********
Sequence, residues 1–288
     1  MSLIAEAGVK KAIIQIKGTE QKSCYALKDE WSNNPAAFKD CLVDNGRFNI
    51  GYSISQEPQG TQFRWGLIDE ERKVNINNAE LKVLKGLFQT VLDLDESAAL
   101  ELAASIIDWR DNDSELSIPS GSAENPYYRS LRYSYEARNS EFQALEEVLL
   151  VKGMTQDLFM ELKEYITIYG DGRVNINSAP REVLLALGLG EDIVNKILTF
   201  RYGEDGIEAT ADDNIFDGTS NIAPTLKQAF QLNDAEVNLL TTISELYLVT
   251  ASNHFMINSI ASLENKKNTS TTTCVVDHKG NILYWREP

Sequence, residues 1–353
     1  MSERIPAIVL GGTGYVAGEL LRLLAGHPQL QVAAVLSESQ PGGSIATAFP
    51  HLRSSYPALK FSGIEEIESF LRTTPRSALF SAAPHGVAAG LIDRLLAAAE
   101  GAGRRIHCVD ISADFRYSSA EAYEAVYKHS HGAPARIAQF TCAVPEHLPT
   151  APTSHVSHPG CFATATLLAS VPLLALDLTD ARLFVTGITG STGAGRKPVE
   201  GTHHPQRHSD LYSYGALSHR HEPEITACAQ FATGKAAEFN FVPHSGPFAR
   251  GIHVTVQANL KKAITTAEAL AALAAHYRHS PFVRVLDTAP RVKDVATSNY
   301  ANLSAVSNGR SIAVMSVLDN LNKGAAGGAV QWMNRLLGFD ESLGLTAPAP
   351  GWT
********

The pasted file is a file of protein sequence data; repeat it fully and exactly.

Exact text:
Sequence, residues 1–288
     1  MSLIAEAGVK KAIIQIKGTE QKSCYALKDE WSNNPAAFKD CLVDNGRFNI
    51  GYSISQEPQG TQFRWGLIDE ERKVNINNAE LKVLKGLFQT VLDLDESAAL
   101  ELAASIIDWR DNDSELSIPS GSAENPYYRS LRYSYEARNS EFQALEEVLL
   151  VKGMTQDLFM ELKEYITIYG DGRVNINSAP REVLLALGLG EDIVNKILTF
   201  RYGEDGIEAT ADDNIFDGTS NIAPTLKQAF QLNDAEVNLL TTISELYLVT
   251  ASNHFMINSI ASLENKKNTS TTTCVVDHKG NILYWREP

Sequence, residues 1–353
     1  MSERIPAIVL GGTGYVAGEL LRLLAGHPQL QVAAVLSESQ PGGSIATAFP
    51  HLRSSYPALK FSGIEEIESF LRTTPRSALF SAAPHGVAAG LIDRLLAAAE
   101  GAGRRIHCVD ISADFRYSSA EAYEAVYKHS HGAPARIAQF TCAVPEHLPT
   151  APTSHVSHPG CFATATLLAS VPLLALDLTD ARLFVTGITG STGAGRKPVE
   201  GTHHPQRHSD LYSYGALSHR HEPEITACAQ FATGKAAEFN FVPHSGPFAR
   251  GIHVTVQANL KKAITTAEAL AALAAHYRHS PFVRVLDTAP RVKDVATSNY
   301  ANLSAVSNGR SIAVMSVLDN LNKGAAGGAV QWMNRLLGFD ESLGLTAPAP
   351  GWT